Photo par Agnès Moragues
We think that this will be a good starting point for the ideas and scientific and technical knowledge that we want to share. The first prototype will have tutorial session focusing around the sun. Its movement will be studied, the solar eclipse as well as its thermal influence. Participants to the tutorial will be able to create solar dial, create scientific tales and create solar oven to gain and share their experiences.
Who are we ?
The association was created by three young guys from Val d’Oise (95, France) with a common vision that led them to social entrepreneurship.
Sérigne-Dan Fall, graduate from a MSc in Quantum Physics and Political Sciences. He will be doing the first mission: Wonders of the Sun.
“From a young age I have a particular relation with culture. Almost sickening, with an extreme curiosity, I devour everything. I like sharing books, songs, films… An understanding of the world around us could be deemed as useless, but it made me, like many others, and allowed me to understand the world I live in. We often forget that sciences are not absolute truths, sharing scientific culture is above all share process, reasoning, and critical thinking about the world we live in”.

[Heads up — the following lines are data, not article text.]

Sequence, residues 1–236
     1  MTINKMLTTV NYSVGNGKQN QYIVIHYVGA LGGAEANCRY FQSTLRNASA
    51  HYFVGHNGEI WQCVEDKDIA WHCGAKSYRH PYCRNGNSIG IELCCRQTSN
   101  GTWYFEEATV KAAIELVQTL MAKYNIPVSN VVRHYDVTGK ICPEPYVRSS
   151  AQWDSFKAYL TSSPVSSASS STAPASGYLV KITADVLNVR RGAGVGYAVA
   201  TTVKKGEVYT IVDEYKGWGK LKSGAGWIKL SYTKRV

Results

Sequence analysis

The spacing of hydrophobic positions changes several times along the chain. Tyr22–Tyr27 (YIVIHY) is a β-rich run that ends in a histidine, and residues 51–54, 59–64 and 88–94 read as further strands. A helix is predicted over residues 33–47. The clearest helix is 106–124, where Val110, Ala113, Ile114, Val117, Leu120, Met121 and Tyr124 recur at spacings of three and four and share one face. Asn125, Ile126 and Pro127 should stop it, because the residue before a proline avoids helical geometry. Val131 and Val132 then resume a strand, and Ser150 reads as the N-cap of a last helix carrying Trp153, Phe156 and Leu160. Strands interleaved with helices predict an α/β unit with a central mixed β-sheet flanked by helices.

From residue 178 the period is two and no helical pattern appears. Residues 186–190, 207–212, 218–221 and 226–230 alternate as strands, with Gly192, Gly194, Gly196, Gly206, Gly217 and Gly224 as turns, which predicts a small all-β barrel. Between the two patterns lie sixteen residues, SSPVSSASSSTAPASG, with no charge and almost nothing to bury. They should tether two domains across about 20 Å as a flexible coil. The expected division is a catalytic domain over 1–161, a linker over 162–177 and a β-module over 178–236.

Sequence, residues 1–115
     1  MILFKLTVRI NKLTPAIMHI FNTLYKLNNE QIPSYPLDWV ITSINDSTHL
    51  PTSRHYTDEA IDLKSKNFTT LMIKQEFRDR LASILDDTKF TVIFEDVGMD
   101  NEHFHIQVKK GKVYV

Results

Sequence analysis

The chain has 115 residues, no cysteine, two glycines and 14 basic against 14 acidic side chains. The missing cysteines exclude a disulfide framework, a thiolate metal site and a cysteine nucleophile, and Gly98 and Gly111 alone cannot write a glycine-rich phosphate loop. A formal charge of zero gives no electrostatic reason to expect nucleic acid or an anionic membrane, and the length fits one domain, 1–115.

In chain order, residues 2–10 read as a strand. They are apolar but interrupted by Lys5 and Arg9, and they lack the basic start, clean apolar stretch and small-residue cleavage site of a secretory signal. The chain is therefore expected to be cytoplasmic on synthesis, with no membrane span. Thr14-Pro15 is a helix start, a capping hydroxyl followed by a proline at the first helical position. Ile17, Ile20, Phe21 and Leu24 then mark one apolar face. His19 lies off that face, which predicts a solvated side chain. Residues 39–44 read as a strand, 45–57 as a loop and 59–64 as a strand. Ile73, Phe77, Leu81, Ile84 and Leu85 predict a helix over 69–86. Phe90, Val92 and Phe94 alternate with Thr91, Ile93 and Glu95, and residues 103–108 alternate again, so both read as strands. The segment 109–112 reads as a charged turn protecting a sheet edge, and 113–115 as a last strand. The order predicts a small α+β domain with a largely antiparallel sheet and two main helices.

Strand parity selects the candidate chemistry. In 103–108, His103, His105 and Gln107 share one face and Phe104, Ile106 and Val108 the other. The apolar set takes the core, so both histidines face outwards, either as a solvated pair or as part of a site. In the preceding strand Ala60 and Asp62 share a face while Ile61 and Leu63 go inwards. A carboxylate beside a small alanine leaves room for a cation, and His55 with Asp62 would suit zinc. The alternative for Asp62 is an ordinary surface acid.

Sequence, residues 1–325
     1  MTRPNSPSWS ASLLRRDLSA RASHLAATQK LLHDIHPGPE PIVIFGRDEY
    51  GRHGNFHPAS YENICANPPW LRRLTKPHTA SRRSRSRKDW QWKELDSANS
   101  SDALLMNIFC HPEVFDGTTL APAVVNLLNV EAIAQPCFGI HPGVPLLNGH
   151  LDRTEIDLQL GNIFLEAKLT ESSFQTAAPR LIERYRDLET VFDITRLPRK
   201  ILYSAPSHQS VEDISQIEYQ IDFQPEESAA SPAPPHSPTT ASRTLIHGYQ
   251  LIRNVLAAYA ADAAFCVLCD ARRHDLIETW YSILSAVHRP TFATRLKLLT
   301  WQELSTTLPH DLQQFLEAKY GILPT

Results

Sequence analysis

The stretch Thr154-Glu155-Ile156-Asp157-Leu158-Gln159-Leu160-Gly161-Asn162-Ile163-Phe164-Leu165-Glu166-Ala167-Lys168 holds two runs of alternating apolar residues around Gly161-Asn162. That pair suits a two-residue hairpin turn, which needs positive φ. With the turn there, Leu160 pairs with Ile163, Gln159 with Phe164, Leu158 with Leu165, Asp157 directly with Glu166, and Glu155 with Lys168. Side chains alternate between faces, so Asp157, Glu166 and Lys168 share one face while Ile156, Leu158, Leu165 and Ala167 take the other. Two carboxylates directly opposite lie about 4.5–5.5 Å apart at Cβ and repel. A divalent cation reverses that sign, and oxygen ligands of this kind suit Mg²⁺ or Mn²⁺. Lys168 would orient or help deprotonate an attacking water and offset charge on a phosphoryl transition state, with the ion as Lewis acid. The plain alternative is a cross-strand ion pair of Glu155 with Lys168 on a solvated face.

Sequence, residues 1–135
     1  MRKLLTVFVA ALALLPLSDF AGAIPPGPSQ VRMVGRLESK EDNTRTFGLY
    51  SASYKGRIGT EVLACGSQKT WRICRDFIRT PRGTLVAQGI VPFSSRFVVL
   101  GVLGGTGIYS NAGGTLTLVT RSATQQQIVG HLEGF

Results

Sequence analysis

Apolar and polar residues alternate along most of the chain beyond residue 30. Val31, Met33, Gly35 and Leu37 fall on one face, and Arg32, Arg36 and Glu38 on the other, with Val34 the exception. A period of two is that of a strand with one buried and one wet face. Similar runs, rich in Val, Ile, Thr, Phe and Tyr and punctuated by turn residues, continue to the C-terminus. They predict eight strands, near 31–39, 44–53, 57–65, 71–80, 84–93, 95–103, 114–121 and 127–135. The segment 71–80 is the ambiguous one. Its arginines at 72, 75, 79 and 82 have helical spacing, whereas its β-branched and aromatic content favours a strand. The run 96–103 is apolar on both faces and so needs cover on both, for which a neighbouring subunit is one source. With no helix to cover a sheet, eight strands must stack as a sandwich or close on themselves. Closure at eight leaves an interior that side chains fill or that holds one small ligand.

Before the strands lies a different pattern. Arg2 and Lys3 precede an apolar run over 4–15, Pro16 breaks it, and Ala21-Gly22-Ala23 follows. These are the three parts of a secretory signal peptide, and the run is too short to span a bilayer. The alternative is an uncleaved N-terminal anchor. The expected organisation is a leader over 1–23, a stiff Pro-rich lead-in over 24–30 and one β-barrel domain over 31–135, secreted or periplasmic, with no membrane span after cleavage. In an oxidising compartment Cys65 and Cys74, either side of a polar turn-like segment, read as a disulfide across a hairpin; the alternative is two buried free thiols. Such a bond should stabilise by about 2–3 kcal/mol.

Antoine Kougblenou, graduated from a MSc in IT. He will be in charge of the follow-up of the mission as well as evaluating it.
“For me, the sciences have always been part of my life. But there has been some times where it proved difficult, they were either too unclear or remote from me and my everyday life. By missing the underlying concepts and use of some scientific concepts in the real world made them hard to assimilate. However, exchanging with friends about these topics and more globally with different people around me on those same concepts, through examples and real life application made them easier to assimilate.
However through conversations regarding these topics with different people around me I came to understand these concepts. The reason for that was their explanation through simple, real-life application examples.
I naturally thought that it was important to do a similar project in West Africa to show the local population the treasures hidden in the sciences, so that they can in turn brighten their everyday lives and find the interest and importance of schooling children and sharing scientific knowledge.”
Babacar Fall, student in Physics. He will evaluate the mission.
“Often I find myself at a loss in the face of the complexity of the concepts of science. It took me time to deconstruct them in order to assimilate them. Understanding the sciences is not always an easy task. Leurre et Lueurs des Sciences is based on sharing, by immersion, scientific culture within the local culture and conducting scientific animations around the exchange of perceptions and experiences.
Leurre et Lueurs des Sciences is based on sharing. By immersing the scientific knowledge within the local culture and conducting scientific demonstrations, we believe that an evolution of the perceptions can be achieved.
It is a mutual enriching process that will allow populations to improve their everyday lives.”